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HOW TO TRAVEL MORE SUSTAINABLY

July 4, 2018

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Planet Earth is incredibly beautiful and travelling gives us the chance to have a glimpse of its beauty. However travelling takes a toll on the planet – we`re polluting when flying and using other transportation; tourism in certain areas can bring more traffic, drastically change landscapes through building, shift the local economy focus causing loss of jobs and cultural identity and the list goes on.

 

That`s why is so important to shift our footprint as much as possible during our travels. The first step in this direction is being mindful – knowing and recognizing the underlying consequences of our actions and minimize our impact on the environment and the local communities. Here are some ideas to act in this direction. Safe and sustainable travelling to everyone!

 

 

 

STAY/EAT/BUY LOCAL – Make sure your money goes back to the local community as much as possible. If possible book directly with locals, like booking your accommodation onsite with locals, eat at local restaurants, buy from local shop and markets, possibly handmade products…. If booking through a travel agency or tour operator, review their websites carefully to understand how good and sustainable they are – if possible, contact the local business used by the agency directly and ask questions about the working conditions imposed to locals. Make sure they employ local guides and respect local environment and culture as much as possible.

 

USE PUBLIC TRANSPORT OR BIKE – Don’t assume cars are always the best way to travel a country – if public transport works well at your chosen destination, use it and most times you will save yourself time spent sitting in the traffic and money in gasoline and rental, helping reduce your footprint on the planet. Biking is even a better and more affordable solution sometimes. Even if the public transport is not the best in the visited country, it can be a great way to get to know and talk with locals – I still remember that time we met a Buddhist monk on a bus in Srilanka and I was asking questions through Fabio as women are not allowed to talk to a monk or sit next to him =)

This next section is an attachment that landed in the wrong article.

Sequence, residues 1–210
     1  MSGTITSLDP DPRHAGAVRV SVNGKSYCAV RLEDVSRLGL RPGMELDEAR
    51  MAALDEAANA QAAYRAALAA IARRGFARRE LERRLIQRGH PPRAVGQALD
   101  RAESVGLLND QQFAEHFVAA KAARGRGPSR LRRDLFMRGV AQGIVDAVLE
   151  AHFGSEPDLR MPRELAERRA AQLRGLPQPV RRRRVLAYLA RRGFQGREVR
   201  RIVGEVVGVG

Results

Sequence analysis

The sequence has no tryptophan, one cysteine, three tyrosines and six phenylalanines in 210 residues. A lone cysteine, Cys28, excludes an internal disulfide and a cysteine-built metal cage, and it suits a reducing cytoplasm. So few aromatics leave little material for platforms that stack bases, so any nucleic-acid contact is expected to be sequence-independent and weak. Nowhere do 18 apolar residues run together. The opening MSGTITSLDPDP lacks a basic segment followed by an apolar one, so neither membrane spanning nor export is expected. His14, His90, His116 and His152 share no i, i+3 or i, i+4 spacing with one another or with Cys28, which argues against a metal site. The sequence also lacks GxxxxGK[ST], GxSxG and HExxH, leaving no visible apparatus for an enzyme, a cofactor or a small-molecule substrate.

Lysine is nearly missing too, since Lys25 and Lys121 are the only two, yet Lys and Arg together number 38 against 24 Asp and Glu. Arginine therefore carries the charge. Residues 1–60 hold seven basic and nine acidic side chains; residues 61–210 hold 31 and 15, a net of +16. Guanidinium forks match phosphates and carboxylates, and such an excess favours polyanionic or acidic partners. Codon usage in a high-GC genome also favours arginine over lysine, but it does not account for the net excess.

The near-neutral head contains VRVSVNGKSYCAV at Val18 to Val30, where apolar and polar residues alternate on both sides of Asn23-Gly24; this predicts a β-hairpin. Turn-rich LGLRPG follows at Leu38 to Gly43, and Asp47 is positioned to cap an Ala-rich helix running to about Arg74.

USE REUSABLE CONTAINERS AND BAGS – Whenever possible show off your beautiful reusable coffee cup at the local cafés and ask to serve your takeaway lunch in your lunch box. Use a refillable water bottle and use free water dispensers. Shop with your reusable cloth bags and pack your gear in reusable cloth bags or cells. Refill containers with shampoo, lotions, washing liquid or, even better and easier to carry, use solid-form products like soaps. Check more eco-friendly solutions out there here.

 

RECYCLE – When reusing is not an option, remember to recycle your waste correctly according the visited country’s rules. Especially when you are in the wilderness, carry out your waste and dispose of it only when back to civilization.

 

HONOR LOCAL CUSTOMS – Research local culture and traditions before your trip and behave accordingly. Be as respectful as possible and even adopt some local customs if necessary – it is always fun and extremely instructive to participate to local events and blend in. Learn more tips here.

 

 

 

RESPECT WILDLIFE – Don`t assume all animal attractions are ethical as exploiting animals for money is quite common in many countries. So make sure to:choose experiences which bring you close to wildlife without interfering with their natural habitat – safaris are great when the numbers of tourists are controlled and you can witness animals in wilderness. Never buy wildlife products - Do not support traffic of rare or endangered wildlife so do not purchase or eat endangered species (e.g. turtle egg soup, crocodile handbags, fur products, seashells…)

 

VOLUNTEER – Amazing way to give back! Volunteering allows you to have a positive impact on local communities and the environment and make your trip so much more meaningful. Apart from learning so much more from your experience immersed in a local community, your efforts will be actually funneled towards improving the life of locals and nature and wildlife, whether you`re teaching English to the community or planting mangroves to reinforce a coastline risking to disappear because of the loss of natural habitat. Find out more about our volunteering experiences here – more to come.

 

CAMPING – This will get you as close to nature as you can possibly can. As camping does not need any particular big infrastructure, it does lower environmental and landscape impact. Go out there and embrace it! For useful tips check these posts: Camping for Everyone and Gear up for Camping

 

 

 

 

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